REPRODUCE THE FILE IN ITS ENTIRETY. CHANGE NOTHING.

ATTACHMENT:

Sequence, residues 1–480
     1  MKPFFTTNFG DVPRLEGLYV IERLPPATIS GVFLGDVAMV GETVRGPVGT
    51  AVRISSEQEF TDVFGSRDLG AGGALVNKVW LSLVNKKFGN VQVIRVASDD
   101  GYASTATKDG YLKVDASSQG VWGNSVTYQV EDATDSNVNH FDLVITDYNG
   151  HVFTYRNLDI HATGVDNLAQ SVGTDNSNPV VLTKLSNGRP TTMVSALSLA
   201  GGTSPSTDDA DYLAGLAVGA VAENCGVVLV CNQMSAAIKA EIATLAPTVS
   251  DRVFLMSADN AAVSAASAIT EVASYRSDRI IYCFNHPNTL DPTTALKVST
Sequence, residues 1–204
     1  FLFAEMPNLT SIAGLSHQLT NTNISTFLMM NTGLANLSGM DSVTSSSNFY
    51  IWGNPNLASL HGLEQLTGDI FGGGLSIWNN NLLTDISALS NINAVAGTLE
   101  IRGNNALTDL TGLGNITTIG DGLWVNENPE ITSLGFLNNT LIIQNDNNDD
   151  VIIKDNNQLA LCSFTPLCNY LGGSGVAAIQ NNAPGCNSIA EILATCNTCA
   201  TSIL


Sequence, residues 1–480
     1  MKPFFTTNFG DVPRLEGLYV IERLPPATIS GVFLGDVAMV GETVRGPVGT
    51  AVRISSEQEF TDVFGSRDLG AGGALVNKVW LSLVNKKFGN VQVIRVASDD
   101  GYASTATKDG YLKVDASSQG VWGNSVTYQV EDATDSNVNH FDLVITDYNG
   151  HVFTYRNLDI HATGVDNLAQ SVGTDNSNPV VLTKLSNGRP TTMVSALSLA
   201  GGTSPSTDDA DYLAGLAVGA VAENCGVVLV CNQMSAAIKA EIATLAPTVS
   251  DRVFLMSADN AAVSAASAIT EVASYRSDRI IYCFNHPNTL DPTTALKVST
Sequence, residues 1–204
     1  FLFAEMPNLT SIAGLSHQLT NTNISTFLMM NTGLANLSGM DSVTSSSNFY
    51  IWGNPNLASL HGLEQLTGDI FGGGLSIWNN NLLTDISALS NINAVAGTLE
   101  IRGNNALTDL TGLGNITTIG DGLWVNENPE ITSLGFLNNT LIIQNDNNDD
   151  VIIKDNNQLA LCSFTPLCNY LGGSGVAAIQ NNAPGCNSIA EILATCNTCA
   201  TSIL